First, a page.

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Guhyasamaja ( Tibetan གསང་བ་ འདུས་ པ Wylie gsang ba 'dus pa , English Assembly of Secrets ) is the main deity of the Buddhist tantra named after him . It is one of the oldest of this genre of mystical writings. Guhyasamaja is one of the so-called eight great Heruka gods (blood drinkers), alongside Hayagriva , Vajrakilaya , Chakrasamvara , Hevajra , Jamantaka , Amrita and Mamo . Guhyasamâja is of great importance in the schools of the new translation tradition of Tibetan Buddhism.

According to Jonathan Landaw / Andy Weber, Guhyasamaja means The Secret Gathering and / or "the King of Tantras", not only because the relevant scriptures are so old, but because they and their commentaries are the key to understanding the entire, vast spectrum of tantric literature that is generally encrypted and difficult to understand.

Goal setting

The aim of the tantras of later Buddhism (mantrayâna, vajrayâna ) is identical to that of the discourses (Sanskrit: sûtra ): liberation from this world, samsara - but the means used for this are increased: not only ethical behavior, wisdom and Meditation, but also rituals, sadhana (pictorial meditations), mantras (i.e. the recitation of words or short combinations of words), mandalas , initiations , even magical rituals and sexuality .

According to the Tibetan Buston (1290-1364), the tantras are divided into four classes: kriyâ, caryâ, yoga and anuttarayoga. The anuttarayoga tantras are divided into father [upâya, dâka, pitr, father] tantras such as the Guhyasamâjatantra, mother [prajñâ, yoginî, dâkinî, matr, mother] like the Hevajratantra, and non-dual tantras such as Kalachakra . This classification is based on the disturbing feelings with which this practice mainly works and which are transformed by it. Thus, the father tantras are aimed at practitioners with anger as the main feeling of disturbance, the mother tantras focus on attachment and the non-dual tantras focus on confusion.


Guhyasamaja Akshobhyavajra (17th century, central Tibet , Rubin Museum of Art)


It is relatively easy to date the commentaries on this tantra, but it is more difficult to date the text itself. The corpus of secondary scriptures handed down in the Tibetan Kanjur dates from the 8th to the 12th century AD.This is how it may go to date the Mahâvairocana tantra to the later 6th century, the Tattvasamgraha to the following, and the Guhyasamâja tantra to the late seventh or eighth (Wayman: Buddhist Tantras, p. 15; Gangs, p. 101). The first 17 chapters, the mûla-tantra (root tantra), are in Sanskrit, the 18th chapter as well.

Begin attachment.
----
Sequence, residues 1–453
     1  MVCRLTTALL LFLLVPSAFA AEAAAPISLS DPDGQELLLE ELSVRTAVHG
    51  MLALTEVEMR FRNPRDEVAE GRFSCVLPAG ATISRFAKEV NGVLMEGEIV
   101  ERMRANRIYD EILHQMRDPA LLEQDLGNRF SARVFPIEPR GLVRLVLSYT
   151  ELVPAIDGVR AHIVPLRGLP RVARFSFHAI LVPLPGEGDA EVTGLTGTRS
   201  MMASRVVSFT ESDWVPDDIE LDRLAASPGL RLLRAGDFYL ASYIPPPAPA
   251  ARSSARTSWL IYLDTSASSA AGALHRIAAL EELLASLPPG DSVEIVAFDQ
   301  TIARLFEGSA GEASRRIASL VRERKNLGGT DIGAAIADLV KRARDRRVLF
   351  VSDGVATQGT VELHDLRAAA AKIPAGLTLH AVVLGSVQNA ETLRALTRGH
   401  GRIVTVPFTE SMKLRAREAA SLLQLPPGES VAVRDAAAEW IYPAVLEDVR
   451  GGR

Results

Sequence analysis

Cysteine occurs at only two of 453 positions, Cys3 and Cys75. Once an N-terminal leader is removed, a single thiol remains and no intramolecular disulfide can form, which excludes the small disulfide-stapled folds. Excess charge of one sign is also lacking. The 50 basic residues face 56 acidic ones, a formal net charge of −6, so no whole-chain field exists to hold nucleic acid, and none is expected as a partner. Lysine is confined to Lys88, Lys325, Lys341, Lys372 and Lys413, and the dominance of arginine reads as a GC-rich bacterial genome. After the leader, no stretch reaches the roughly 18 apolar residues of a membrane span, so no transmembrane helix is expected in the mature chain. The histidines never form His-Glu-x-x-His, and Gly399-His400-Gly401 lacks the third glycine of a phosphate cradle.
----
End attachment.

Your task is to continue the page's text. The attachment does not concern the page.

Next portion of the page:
The title could be translated as "Tantra of secret union", the last word referring to both the mystical experience and the sexual union.

The text initially describes the mandala of the deity, followed by sadhanas, i.e. pictorial meditation instructions, the hidden mandala of body, speech and mind, discourses about Buddha-nature , emptiness (Sanskrit: shûnyatâ ), the transformation of psychological poisons such as greed and hate.

As is usual in such scriptures, some passages are written in “intentional language” (Sanskrit: sandhyâ-bhâshâ ); this includes that text passages can have several levels of meaning.


Secondary, interpretative tantras such as in the Tibetan Kanjur (Tohoku catalog no. 444-447).

Candrakîrti: Pradîpoddyontana-tîkâ , which originated in the 9th century AD and offers a systematic interpretation.

Other Indian mahasiddhas who wrote about this tantra were Nagarjuna and Aryadeva .

One of the great achievements of the 11th century Tibetan master and translator Marpa was to bring Guhyasamaja's teachings from India to the snow country. Je Tsong Khapa has devoted a detailed commentary to his interpretation.

Transmission in Tibet

The Guhyasamayatantra is now specially taught in the Gelug School of Tibetan Buddhism. In addition to the tantric practice of Yamantaka, Cakrasamvara and Kalachakra, it is one of the main tantras there , but there is also a separate lineage of this tantra in the Kagyu school.


  • Peter Gäng: The Tantra of the Hidden Union. Guhyasamaja Tantra . Diederichs, Munich 1988, ISBN 3-424-00946-6 .
  • Alex Wayman : Yoga of the Guhyasamâjatantra. The Arcane Lore of Forty Verses. A Buddhist Tantra Commentary . Motilal Banarsidass, Delhi 1999, ISBN 81-208-0872-X .
  • Alex Wayman: The Buddhist Tantras. Light on Indo-Tibetan Esotericism . Motilal Banarsidass, Delhi 1993, ISBN 81-208-0699-9 .

Web links

Commons : Guhyasamaja  - collection of images, videos and audio files

Individual evidence

  1. Jonathan Landaw, Andy Weber: Images of Awakening. Tibetan art as an inner experience. Diamantverlag, 2000, p. 148 ff, ISBN 3-9805798-1-6
  2. Landaw / Weber 2000.